When the letter landed on Crina Petrariu’s doormat at the home she shares with her husband and young son in Hull, she assumed there had been a mistake. The short, official note stated that the second-year chemistry student’s financial support had been frozen – and that she now owed the government £3,500.
“It was a shock but I didn’t really think it could be right,” said the 34-year-old Romanian in a break between studying and looking after her six-year-old son, Rares. “I called the student finance people and they said it was a new law and that the government had said to stop all finance to Romanians and Bulgarians.”
Two months later, despite repeated phone calls and sending off a parcel of bank statements to prove she has lived in Britain for more than the three years qualifying her for student maintenance support, Petrariu, a student at Hull University, says she still has not had a penny of her allowance or tuition fee support.
“Every time when you call them, they say they are still checking. ‘We don’t have an answer for you yet.’ But it has been more than three months now. It is getting very hard.”
Petrariu, who has lived in Britain for five years and whose husband has just got a job as a secondary school maths teacher, was one of about 7,500 Romanian and Bulgarian students who had their financial support – fees and maintenance allowance – frozen without warning in November last year.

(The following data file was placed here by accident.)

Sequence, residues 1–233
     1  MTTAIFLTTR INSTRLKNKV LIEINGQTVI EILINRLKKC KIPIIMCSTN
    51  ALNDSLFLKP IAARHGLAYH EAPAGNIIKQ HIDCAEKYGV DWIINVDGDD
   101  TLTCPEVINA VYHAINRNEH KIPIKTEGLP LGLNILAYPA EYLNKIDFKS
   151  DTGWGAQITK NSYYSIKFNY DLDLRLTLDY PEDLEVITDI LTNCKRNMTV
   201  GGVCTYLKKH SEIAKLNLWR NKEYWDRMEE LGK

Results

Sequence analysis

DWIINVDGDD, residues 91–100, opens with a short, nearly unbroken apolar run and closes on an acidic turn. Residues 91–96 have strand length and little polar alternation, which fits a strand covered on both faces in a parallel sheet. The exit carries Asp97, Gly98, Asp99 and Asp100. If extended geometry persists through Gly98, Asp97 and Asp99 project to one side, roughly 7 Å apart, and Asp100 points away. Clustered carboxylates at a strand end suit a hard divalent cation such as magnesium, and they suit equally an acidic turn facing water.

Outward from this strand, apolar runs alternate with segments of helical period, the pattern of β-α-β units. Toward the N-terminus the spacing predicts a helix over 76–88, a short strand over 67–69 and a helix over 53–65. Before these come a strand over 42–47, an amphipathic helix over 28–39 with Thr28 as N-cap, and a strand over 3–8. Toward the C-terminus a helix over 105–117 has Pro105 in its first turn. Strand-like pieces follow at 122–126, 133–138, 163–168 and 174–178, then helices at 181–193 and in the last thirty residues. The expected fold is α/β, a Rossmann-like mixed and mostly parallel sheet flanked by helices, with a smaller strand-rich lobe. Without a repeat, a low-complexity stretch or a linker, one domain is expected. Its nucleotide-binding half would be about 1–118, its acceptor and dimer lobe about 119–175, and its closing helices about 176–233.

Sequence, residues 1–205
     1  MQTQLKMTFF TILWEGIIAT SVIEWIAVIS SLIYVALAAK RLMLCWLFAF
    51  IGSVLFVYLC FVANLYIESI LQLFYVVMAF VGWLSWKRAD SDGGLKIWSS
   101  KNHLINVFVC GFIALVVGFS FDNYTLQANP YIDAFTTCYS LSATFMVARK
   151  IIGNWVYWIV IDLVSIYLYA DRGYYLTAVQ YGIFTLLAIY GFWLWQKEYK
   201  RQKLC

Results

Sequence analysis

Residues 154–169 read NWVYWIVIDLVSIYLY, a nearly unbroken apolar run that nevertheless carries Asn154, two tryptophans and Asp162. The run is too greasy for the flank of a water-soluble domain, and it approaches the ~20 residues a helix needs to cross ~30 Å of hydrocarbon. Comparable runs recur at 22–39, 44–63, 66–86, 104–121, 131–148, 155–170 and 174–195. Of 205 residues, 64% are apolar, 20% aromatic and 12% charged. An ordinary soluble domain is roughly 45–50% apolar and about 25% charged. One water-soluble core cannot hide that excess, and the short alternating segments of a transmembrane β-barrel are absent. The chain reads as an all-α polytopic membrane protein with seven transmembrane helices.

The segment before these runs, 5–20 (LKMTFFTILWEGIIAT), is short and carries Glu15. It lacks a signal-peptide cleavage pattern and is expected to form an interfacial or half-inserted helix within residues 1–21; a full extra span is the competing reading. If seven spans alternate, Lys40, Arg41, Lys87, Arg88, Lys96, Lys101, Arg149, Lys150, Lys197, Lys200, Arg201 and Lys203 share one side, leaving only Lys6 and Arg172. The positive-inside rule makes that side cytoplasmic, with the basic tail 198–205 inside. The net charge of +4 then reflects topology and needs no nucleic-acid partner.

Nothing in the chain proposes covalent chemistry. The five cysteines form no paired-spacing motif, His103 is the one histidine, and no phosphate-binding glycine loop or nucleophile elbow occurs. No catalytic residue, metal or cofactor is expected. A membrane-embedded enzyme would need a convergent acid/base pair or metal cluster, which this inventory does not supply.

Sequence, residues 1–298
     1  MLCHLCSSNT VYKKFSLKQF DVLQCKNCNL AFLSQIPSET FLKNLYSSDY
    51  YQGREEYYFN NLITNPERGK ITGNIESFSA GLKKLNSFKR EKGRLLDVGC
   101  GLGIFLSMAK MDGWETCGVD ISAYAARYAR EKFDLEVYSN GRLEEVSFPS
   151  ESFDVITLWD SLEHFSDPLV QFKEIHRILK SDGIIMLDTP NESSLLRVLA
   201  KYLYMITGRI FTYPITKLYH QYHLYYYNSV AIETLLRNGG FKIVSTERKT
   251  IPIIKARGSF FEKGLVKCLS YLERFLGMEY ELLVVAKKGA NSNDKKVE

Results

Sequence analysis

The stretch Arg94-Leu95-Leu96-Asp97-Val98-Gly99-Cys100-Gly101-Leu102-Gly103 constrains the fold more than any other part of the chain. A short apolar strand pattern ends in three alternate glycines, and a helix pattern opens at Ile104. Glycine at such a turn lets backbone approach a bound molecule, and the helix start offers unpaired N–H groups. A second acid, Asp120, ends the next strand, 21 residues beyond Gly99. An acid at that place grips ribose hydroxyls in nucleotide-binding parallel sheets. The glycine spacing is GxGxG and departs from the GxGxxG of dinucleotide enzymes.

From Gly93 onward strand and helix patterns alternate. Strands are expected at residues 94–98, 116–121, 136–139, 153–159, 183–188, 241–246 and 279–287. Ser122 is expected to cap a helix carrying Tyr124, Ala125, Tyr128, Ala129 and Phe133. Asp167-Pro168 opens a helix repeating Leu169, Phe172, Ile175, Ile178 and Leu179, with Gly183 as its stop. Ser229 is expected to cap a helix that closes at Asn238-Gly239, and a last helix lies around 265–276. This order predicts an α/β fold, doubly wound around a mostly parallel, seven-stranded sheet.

The government said it suspended the grants and loans after noticing an upsurge in the number of students from the two countries applying for maintenance support. Officials asked them for fresh proof they had been resident in the UK for the qualifying three years.
The move coincided with increasingly hostile rhetoric about theanticipated influx of “beggars and benefits cheats” from the two countries when working restrictions to Britain were lifted on 1 January. And some students fear they have been caught up in the government’s efforts to appear tough on immigration.
Andrei Stan, a student at Sheffield University, is the co-ordinator for the UK branch of the League of Romanian Students Abroad. He said some Romanians had been forced to abandon their studies as the money dried up – and many more were sceptical about the government’s motives.
“The timing of this announcement and the very precise targeting – that only students from these two countries, out of all other EU member states, were initially involved – leads to the suspicion that there may have been a party political motivation for this initiative, with legitimate Romanian and Bulgarian students paying the price.”
David Willets, the universities minister, announced the initial crackdownin a written statement in November. This was subsequently extended to cover other EU students at private colleges who claimed maintenance allowance, but it is only Romanians and Bulgarians at both private and public universities who have been affected.
Ion Jinga, Romania‘s ambassador to the UK, says he has received several letters from students who have been caught up in the clampdown, some of whom have been in Britain for 10 years. One 18-year-old got in touch to say she had received a letter just after Christmas telling her she had to repay £9,000 in 10 days or prove she had been in the country for three years by sending utility bills, council tax or bank statements in her name.